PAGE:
And you're going through a bit of a rigmarole just to get "page 1 contains questions 1 to 10, page 2 contains questions 11 to 20".

If the first page is page zero, then you can just do this:
questionNumber = (testPage * questionsPerPage) + i;
because ten times zero is zero, plus one is one. Ten times one (for the second page) is ten, plus one is eleven.

You can add one to the page numbers for display purposes if you think your testees will find a test from page 0 to 9 confusing.


This bit as well:

for (j = 1 ; j < 5; j++)br> {
if (document.getElementsByName ('answer' + questionNumber )[j - 1].checked == true)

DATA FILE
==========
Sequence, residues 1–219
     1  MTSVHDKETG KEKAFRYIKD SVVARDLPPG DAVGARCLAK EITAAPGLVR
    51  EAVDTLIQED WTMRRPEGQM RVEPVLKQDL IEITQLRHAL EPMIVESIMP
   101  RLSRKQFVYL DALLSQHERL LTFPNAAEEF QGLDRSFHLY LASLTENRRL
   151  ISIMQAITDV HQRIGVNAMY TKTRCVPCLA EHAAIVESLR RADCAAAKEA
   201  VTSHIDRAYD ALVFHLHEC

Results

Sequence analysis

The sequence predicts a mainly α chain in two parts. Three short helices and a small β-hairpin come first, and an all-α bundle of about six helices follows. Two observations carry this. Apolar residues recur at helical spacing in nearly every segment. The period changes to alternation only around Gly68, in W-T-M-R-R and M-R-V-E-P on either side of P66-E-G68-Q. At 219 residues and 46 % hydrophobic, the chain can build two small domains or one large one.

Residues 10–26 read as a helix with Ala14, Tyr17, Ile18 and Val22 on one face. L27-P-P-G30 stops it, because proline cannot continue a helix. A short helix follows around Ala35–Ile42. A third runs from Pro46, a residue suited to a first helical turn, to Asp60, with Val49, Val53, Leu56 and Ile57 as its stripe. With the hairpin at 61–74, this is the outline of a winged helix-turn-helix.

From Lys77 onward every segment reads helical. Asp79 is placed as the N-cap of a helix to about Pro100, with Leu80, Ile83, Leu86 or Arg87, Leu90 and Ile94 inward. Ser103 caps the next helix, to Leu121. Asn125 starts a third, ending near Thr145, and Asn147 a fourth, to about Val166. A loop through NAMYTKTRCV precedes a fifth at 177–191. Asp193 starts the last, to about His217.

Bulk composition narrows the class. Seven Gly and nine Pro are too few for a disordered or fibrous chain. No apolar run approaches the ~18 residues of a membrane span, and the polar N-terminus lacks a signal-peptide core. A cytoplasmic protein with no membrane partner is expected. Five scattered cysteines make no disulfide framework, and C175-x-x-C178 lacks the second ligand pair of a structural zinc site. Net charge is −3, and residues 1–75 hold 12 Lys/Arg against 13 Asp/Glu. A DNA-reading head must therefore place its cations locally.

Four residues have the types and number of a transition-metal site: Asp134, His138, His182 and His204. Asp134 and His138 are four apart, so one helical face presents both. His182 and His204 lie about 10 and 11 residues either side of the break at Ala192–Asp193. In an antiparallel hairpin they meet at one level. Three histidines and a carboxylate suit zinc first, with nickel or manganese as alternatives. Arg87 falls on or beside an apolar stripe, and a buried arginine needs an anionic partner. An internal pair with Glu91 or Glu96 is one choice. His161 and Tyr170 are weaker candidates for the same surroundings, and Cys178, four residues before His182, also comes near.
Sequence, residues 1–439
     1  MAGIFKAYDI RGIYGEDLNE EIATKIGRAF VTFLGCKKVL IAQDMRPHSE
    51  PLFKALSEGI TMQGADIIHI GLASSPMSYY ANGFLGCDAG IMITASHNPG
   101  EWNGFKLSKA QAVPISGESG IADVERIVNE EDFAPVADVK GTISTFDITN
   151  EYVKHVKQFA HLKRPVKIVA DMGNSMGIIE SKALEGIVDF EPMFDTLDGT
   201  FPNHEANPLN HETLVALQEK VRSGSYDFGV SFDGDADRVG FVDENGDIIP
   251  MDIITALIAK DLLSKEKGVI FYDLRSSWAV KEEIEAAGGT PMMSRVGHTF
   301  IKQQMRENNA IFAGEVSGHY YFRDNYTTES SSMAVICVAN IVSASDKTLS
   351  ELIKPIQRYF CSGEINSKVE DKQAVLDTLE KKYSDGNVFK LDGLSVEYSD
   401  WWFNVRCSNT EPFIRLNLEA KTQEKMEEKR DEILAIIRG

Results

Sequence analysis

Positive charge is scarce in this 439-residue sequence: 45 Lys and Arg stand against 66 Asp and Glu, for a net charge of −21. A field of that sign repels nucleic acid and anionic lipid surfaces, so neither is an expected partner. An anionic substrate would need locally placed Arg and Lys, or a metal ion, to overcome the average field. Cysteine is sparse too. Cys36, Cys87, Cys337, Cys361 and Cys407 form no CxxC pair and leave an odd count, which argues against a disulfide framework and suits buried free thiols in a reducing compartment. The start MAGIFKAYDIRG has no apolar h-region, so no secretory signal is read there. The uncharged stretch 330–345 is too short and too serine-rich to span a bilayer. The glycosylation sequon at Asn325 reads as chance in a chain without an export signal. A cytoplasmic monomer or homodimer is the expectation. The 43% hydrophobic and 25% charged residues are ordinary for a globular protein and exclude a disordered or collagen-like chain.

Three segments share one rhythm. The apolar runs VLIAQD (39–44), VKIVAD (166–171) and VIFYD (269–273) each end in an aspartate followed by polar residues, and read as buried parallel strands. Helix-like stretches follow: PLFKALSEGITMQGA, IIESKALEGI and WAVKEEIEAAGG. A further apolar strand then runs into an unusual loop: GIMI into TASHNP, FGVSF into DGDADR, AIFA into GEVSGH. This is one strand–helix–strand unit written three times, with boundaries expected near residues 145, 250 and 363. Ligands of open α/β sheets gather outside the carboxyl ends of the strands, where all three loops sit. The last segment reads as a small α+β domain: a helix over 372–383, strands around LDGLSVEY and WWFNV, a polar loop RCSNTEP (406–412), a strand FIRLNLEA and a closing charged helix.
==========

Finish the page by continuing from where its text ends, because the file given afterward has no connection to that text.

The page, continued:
why are you doing j-1, when you could have j start with zero, not one? And again, the 5 is hard-coded. There are always five answers per question?

These things aren't solving your problem, I know, but it looks like you could refactor the whole thing a bit.
posted by AmbroseChapel at 12:30 PM on November 24, 2005


After thinking about it,

* it's not possible for us to diagnose without the HTML as well, and
* what I do to debug javascript is put an alert() statement for every key part of the code, which will pop up and say "value of x is y, value of a is b, currently testing radio button foo of question bar" and so on. It's annoying but it's the only way, unless you've got a JavaScript programming environment to work in.
posted by AmbroseChapel at 2:02 PM on November 24, 2005


AmbroseChapel writes "unless you've got a JavaScript programming environment to work in."